unlikely that he will be -- i would look at central bankers as the real firefighters, and i would look at what is happening in europe, the first time david cameron will face them when he and theth angela merkel rest in brussels at 1 p.m. tom: let's get to bloomberg first word news in london with nejra cehic. nejra: it may be an awkward meeting in brussels. david cameron meets with his fellow european union leaders today for the first time since last week ross vote to leave -- since last week's vote to leave the eu. he is expected to give some indication of how it expects to trigger the mechanism for leaving the union. himself out of the race to succeed david cameron, the chancellor of the exchequer was the one time expected successor, but he campaigned for a remain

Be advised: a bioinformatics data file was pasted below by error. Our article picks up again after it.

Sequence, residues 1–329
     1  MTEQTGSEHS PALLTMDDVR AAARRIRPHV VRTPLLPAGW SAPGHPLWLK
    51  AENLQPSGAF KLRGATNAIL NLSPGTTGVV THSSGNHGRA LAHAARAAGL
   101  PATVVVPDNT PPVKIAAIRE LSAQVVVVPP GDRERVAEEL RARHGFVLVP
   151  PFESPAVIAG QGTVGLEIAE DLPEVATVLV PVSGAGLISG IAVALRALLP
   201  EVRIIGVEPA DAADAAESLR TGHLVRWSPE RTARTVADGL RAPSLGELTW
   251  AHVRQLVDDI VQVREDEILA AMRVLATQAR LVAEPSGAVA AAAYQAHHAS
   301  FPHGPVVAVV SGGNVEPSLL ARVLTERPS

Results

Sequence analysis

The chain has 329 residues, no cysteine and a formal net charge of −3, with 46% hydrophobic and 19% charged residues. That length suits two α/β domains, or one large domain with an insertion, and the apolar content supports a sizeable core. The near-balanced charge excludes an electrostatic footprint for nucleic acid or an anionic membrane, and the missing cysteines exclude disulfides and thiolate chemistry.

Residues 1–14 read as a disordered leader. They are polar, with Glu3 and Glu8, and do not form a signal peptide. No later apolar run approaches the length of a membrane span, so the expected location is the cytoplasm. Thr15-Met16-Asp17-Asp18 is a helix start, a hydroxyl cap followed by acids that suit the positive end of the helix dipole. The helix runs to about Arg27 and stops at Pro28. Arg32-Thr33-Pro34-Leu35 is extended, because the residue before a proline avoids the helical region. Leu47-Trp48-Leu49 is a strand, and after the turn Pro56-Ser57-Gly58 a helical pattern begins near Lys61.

vote alongside cameron. volkswagen's price texas huddle lawsuits -- to settle -- volkswagen's price tag to settle will be higher than expected. thanill agree to pay more $15 billion. that is $5 billion more than previous reported. drivers will get up to $10,000 per car for their trouble. turkey's president is on a ,iplomatic charm offensive ending at six years treatment with israel. they are expected to improve andtions with russia, turkey is trying to resolve confrontations that have hurt its economy and left it increasingly isolated in the region. expected court ruling to improve abortion access across the u.s. struck down a texas law that had forced many abortion providers to shut down in the name of protecting